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Writing (about) Music

  • Author(s): Norderval, Kristin
  • et al.
Abstract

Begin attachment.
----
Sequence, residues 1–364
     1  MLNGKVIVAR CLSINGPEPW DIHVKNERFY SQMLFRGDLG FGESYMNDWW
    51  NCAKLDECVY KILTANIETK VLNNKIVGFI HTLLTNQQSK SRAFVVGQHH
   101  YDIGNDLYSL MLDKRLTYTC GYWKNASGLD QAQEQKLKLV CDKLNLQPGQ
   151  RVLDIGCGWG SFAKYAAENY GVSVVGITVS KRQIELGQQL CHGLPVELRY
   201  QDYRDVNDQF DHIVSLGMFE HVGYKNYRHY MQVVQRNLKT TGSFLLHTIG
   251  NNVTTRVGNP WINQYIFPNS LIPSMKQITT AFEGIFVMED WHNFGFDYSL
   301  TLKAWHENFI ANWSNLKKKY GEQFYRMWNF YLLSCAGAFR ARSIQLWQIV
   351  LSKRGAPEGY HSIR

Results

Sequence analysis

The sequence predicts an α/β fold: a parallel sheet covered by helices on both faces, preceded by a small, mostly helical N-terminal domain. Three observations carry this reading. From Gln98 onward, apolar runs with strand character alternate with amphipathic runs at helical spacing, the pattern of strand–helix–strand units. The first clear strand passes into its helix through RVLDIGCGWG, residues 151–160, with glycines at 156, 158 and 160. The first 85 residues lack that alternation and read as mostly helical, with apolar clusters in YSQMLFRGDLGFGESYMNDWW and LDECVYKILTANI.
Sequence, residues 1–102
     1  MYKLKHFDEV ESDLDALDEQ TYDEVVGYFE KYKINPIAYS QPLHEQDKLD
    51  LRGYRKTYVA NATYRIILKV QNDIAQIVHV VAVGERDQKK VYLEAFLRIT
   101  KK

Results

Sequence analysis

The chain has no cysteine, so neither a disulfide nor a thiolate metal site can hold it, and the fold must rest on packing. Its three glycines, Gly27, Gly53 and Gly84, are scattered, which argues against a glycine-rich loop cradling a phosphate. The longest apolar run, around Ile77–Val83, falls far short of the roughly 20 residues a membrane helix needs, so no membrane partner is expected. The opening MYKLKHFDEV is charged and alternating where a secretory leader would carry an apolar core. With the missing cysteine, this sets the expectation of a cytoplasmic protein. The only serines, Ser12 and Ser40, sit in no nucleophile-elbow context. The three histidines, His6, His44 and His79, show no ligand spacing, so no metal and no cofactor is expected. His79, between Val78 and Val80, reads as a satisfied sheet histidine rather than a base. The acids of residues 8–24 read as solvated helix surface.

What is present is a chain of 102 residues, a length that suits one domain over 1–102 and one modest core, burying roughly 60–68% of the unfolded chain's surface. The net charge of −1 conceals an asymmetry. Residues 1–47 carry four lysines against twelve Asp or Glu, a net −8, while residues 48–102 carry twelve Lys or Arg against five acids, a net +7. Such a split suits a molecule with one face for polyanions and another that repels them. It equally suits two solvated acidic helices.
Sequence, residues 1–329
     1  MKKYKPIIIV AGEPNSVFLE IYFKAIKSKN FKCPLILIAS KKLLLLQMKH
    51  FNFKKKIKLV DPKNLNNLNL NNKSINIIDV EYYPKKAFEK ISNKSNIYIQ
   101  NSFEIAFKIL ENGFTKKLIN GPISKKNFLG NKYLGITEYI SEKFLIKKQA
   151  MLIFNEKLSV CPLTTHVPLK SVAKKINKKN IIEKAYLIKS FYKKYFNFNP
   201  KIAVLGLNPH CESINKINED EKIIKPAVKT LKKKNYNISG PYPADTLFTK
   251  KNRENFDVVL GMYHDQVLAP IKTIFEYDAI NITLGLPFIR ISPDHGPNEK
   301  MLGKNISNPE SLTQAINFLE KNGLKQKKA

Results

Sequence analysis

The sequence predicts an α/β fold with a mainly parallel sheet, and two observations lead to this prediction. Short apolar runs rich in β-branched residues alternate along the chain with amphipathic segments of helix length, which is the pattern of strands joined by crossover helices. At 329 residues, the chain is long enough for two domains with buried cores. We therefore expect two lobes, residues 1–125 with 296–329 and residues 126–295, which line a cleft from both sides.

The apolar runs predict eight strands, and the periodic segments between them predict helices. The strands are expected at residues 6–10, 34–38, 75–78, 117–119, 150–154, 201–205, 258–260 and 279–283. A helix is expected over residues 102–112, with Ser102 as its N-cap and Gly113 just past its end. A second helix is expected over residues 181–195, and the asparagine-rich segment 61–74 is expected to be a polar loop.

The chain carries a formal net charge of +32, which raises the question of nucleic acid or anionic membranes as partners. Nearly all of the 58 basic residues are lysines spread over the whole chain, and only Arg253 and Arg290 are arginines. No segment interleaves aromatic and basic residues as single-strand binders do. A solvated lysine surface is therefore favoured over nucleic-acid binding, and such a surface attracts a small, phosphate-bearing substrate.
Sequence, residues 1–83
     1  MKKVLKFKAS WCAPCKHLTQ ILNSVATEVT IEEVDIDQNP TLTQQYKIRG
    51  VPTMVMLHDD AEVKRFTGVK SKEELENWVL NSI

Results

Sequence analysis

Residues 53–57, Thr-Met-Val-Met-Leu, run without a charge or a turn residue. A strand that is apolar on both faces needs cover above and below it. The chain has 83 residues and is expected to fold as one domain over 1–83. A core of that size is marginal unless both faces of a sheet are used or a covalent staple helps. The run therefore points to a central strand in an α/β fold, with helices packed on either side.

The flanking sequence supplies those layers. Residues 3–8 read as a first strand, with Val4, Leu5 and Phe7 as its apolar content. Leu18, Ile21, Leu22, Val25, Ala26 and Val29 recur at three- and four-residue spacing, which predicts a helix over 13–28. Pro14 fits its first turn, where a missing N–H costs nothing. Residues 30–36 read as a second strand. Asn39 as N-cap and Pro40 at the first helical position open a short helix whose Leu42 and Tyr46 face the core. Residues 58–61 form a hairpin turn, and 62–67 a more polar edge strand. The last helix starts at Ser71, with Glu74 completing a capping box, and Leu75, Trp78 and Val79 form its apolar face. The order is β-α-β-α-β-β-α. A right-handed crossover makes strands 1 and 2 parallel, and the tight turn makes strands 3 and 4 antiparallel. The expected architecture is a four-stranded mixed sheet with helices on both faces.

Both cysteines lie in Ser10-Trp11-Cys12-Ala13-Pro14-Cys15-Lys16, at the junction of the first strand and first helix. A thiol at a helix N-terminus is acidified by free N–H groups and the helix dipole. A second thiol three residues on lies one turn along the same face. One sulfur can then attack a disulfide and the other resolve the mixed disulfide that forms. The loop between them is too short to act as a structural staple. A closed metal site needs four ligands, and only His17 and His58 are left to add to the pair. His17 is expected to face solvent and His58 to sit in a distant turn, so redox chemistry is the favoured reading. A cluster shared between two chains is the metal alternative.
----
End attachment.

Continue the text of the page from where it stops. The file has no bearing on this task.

When I’m listening to Bach—one of my favorite composers—how do I describe it? I have often told friends that the opening of “Wachet Auf, ruft uns die Stimme” always makes me smile and quickens my step. The dotted rhythms, the upward sweep of the alternating scalar passages of strings and oboes, the rising triads and long tones at the entry of the choir soaring over the repetitive rhythmic motion of the orchestra, the ornate melodic turns and quirky harmonic shifts all work together to shift my mood and my body rhythms. These are descriptions of instrumentation, and of melodic, harmonic, and rhythmic details that I respond to, but this doesn’t necessarily convey to a lay reader what I’m trying to get across. It certainly doesn’t convey what the piece actually sounds like, and it relies on knowledge of music terminology, if not a previous knowledge of Bach, to make sense of it. The words convey so much less of the music and my experience of listening to it, than a simple visual observation of the change in my physicality while listening to it would convey. I think about this when I watch people on the subway listening to music through earphones. I get more of a sense of the music they are listening to by their body responses than references to genre, instrumentation or rhythmic and melodic details would give me.

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